Advertising to children cannot meet the first test. If children do not understand that they are being presented with an explicitly biased commercial message, then they cannot properly evaluate the message and there is no possibility of forming the informed emotional attachment to the brand that true branding seeks. This is similar to the position of this Advertising Blog on DTC Advertising (click here). In both cases, we believe the consumer is not equipped to evaluate the unique selling proposition. In the case of DTC advertising, the consumer does not have the medical background to weigh the risks and benefits of a particular drug and understand alternative treatment options. In the case of advertising to children, the child does not possess the emotional maturity to understand that an advertiser is presenting a one-sided view of the brand and that committing to the brand involves critically evaluating that proposition against his or her outside knowledge and experience.
In some ways, advertising to children cannot be good branding because good branding always involves informed consent. Children too young to evaluate advertising cannot “consent” to branding any more than children too young to understand the emotional consequences of sexual activity can consent to intercourse.
The Boomerang Effect – What Kind of Consumers are we Building?
The second important question about advertising to children is one that the marketing community is not asking. How does being exposed to branding messages at an age where they are manifestly unfair change us as consumers later in life? There is little clinical evidence on this, but we would suggest that it is no coincidence that the coming of age of the first generation of ‘ad kids’ from the eighties has coincided with a sharp drop in the effectiveness of advertising to adults.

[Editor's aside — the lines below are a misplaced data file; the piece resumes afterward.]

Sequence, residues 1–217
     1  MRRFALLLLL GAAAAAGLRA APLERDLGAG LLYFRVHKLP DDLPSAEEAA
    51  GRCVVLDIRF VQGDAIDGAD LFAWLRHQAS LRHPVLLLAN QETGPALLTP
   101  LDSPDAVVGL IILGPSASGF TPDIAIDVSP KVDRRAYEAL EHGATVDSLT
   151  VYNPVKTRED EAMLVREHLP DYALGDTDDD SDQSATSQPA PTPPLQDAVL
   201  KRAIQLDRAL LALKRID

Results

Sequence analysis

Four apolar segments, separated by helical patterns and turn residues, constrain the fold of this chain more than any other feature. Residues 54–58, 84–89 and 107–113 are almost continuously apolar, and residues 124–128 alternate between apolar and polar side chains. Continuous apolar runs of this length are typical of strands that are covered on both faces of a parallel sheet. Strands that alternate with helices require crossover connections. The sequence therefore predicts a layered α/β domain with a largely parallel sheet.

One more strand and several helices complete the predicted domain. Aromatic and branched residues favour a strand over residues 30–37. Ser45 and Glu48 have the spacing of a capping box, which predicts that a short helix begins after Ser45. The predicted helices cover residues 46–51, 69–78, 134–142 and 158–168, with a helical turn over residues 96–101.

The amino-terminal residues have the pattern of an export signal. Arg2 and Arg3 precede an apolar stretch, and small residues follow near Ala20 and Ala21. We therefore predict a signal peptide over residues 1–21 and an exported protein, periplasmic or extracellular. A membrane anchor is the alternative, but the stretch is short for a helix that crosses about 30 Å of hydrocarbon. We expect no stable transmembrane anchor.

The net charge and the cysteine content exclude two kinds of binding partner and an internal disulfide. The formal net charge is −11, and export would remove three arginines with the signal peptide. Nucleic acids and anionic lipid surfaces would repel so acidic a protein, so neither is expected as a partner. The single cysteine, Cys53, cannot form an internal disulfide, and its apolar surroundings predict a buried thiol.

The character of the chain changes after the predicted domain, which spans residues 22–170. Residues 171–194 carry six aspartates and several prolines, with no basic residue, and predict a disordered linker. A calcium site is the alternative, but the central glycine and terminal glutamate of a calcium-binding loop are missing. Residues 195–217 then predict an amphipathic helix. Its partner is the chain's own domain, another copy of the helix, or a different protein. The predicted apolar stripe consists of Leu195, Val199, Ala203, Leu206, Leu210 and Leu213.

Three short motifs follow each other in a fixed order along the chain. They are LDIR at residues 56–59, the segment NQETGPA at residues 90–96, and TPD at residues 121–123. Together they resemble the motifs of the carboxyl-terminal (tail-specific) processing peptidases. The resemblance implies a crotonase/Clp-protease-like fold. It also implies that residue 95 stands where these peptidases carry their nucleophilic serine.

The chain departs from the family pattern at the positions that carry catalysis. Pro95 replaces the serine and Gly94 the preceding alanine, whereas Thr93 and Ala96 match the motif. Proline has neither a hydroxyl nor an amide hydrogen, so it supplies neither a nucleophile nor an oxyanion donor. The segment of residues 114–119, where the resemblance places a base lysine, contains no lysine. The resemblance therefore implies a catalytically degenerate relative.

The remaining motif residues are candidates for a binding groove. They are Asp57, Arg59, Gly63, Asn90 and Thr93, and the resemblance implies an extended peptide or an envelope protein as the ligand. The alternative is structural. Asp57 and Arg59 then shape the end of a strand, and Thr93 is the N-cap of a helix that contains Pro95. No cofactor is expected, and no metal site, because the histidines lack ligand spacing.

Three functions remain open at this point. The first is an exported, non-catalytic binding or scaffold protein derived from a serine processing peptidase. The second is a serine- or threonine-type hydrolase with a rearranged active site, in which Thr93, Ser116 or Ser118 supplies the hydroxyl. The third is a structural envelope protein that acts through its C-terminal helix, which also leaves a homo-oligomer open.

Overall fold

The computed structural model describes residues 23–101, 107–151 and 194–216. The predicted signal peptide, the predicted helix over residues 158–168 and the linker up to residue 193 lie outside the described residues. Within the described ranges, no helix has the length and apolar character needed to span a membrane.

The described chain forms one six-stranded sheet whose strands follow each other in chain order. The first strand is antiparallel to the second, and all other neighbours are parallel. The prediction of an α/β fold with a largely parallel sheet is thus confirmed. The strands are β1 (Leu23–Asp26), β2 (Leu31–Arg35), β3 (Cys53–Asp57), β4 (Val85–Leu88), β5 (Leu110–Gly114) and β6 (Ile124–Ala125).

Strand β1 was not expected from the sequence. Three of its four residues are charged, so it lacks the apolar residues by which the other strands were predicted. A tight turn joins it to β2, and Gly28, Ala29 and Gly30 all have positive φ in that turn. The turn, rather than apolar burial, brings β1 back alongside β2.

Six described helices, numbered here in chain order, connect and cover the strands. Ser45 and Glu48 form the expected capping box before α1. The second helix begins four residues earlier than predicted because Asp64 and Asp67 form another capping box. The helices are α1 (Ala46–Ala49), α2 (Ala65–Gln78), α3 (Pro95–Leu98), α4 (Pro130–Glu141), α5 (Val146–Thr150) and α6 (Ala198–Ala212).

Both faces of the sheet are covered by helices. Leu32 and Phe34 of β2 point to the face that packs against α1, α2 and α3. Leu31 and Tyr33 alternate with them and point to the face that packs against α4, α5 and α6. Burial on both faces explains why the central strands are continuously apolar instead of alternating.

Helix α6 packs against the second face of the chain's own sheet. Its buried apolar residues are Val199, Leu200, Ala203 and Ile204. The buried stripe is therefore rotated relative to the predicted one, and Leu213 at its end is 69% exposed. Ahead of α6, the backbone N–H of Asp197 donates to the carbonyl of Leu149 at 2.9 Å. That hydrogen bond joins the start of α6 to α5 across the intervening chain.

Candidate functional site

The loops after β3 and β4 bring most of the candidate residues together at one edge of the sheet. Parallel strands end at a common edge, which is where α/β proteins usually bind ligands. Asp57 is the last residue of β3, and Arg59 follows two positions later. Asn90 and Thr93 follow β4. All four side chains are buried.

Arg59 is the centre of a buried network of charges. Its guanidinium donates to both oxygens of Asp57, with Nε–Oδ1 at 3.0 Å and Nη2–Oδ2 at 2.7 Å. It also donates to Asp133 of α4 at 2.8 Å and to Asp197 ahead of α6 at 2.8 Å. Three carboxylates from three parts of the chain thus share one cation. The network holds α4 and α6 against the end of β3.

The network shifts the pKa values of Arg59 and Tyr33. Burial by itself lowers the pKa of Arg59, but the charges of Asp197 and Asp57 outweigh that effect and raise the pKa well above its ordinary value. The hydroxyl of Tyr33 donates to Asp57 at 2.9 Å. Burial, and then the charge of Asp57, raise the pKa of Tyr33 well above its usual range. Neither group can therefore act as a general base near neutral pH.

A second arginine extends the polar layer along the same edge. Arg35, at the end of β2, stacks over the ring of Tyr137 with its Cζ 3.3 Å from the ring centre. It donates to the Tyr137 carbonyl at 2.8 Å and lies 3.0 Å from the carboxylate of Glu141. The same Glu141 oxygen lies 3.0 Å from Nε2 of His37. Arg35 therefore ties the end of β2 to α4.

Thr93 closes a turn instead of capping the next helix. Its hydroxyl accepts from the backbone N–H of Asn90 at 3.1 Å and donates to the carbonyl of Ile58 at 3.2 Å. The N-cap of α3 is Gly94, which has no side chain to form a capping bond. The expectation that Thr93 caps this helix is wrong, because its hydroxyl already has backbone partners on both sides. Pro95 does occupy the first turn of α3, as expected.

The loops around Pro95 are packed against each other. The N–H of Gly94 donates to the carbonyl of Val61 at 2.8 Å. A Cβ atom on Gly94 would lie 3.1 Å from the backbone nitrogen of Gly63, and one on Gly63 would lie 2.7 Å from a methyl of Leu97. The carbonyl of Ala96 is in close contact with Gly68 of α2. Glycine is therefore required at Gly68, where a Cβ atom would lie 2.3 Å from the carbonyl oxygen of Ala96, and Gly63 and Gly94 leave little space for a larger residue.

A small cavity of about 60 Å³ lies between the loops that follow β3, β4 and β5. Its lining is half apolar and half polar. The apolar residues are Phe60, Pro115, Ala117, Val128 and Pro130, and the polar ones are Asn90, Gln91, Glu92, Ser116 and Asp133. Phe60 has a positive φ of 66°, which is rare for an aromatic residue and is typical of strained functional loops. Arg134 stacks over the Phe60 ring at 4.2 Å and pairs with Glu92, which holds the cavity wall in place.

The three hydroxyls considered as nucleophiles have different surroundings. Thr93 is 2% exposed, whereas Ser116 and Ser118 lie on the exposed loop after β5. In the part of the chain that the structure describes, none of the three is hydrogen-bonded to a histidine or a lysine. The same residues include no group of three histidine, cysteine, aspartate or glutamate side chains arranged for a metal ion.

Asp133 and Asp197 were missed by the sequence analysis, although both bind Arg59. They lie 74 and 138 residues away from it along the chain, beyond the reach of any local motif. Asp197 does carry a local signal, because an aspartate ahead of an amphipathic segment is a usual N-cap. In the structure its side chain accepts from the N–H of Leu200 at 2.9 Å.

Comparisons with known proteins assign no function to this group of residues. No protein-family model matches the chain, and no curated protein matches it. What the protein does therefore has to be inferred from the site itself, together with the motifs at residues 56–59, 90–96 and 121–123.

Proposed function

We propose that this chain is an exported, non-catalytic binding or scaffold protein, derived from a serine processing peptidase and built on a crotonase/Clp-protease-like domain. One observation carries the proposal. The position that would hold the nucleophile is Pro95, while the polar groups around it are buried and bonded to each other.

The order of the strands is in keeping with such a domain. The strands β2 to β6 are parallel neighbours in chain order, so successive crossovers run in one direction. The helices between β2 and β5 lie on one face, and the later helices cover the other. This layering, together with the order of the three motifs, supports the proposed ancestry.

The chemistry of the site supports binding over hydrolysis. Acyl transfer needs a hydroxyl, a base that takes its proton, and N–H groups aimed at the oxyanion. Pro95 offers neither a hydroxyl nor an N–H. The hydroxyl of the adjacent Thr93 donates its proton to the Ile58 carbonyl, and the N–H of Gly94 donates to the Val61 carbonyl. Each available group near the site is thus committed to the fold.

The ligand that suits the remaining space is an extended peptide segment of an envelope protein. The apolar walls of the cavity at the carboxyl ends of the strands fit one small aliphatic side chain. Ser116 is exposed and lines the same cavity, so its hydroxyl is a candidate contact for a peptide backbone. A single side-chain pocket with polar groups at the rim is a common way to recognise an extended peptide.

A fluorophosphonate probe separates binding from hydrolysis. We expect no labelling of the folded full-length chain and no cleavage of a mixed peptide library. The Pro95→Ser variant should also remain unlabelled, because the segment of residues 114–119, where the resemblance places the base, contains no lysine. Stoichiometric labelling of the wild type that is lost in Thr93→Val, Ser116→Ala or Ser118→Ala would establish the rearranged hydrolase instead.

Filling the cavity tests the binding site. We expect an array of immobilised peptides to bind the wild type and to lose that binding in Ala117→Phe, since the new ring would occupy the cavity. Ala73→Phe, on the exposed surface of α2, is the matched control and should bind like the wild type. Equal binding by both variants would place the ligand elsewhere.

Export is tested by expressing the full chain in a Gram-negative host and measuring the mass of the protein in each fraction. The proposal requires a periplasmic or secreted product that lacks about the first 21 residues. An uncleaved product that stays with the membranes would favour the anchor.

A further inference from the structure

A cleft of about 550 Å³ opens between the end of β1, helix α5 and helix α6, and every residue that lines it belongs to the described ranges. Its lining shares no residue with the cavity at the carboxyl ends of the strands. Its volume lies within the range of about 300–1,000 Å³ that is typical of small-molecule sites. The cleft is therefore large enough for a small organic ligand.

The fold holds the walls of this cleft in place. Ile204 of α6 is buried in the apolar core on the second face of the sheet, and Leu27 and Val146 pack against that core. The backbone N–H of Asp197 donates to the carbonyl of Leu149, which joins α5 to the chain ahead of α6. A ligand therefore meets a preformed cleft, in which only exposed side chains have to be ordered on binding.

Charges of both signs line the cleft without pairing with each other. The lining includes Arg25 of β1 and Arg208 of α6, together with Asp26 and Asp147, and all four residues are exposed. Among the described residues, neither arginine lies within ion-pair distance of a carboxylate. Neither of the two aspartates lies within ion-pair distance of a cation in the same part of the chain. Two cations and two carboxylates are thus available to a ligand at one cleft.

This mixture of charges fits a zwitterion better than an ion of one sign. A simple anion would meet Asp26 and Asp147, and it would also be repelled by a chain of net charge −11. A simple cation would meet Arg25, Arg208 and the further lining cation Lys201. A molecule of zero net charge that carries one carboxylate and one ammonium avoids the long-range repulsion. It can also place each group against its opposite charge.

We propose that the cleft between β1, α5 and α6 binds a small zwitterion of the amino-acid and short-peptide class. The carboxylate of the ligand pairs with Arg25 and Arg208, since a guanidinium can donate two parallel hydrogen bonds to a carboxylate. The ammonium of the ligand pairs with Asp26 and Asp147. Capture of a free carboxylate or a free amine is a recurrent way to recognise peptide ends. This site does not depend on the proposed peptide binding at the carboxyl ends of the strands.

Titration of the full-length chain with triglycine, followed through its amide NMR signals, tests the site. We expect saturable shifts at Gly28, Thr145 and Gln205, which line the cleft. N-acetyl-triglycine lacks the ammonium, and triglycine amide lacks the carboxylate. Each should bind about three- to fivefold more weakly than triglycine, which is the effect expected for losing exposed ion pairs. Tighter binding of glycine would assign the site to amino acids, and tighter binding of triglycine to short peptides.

It may be difficult to remember, but advertising to children was not always as widespread as it is today. Although it existed in one form or another since the dawn of commercial television, it was always limited by the limited programming available on commercial channels for children. This changed with the advent of cable networks and the boom in child-focused programming, especially in the 1980′s.
Is it surprising that two decades later we find that these same children are cautious, skeptical consumers inclined to disbelieve things that they do not hear from friend or authority figures? Can this be why marketers have turned to socalled ‘product experts’ and paid them for endorsements of their products on news shows and have paid agencies to get these same products placed in movies and television shows? All of this in an attempt to substitute for the ‘trust gap’ that these younger consumers show versus previous generations?
Good branding is a fair value exchange. It gives consumers something they want and creates a bond of trust that can positively influence not just the consumer but also the company behind the brand. (Think of Johnson & Johnson’s ethical but potentially financially devastating recall of Tylenol after the 1982 tampering scandal.)
Branding to children doesn’t meet this test. It is bad business and it hurts all marketers.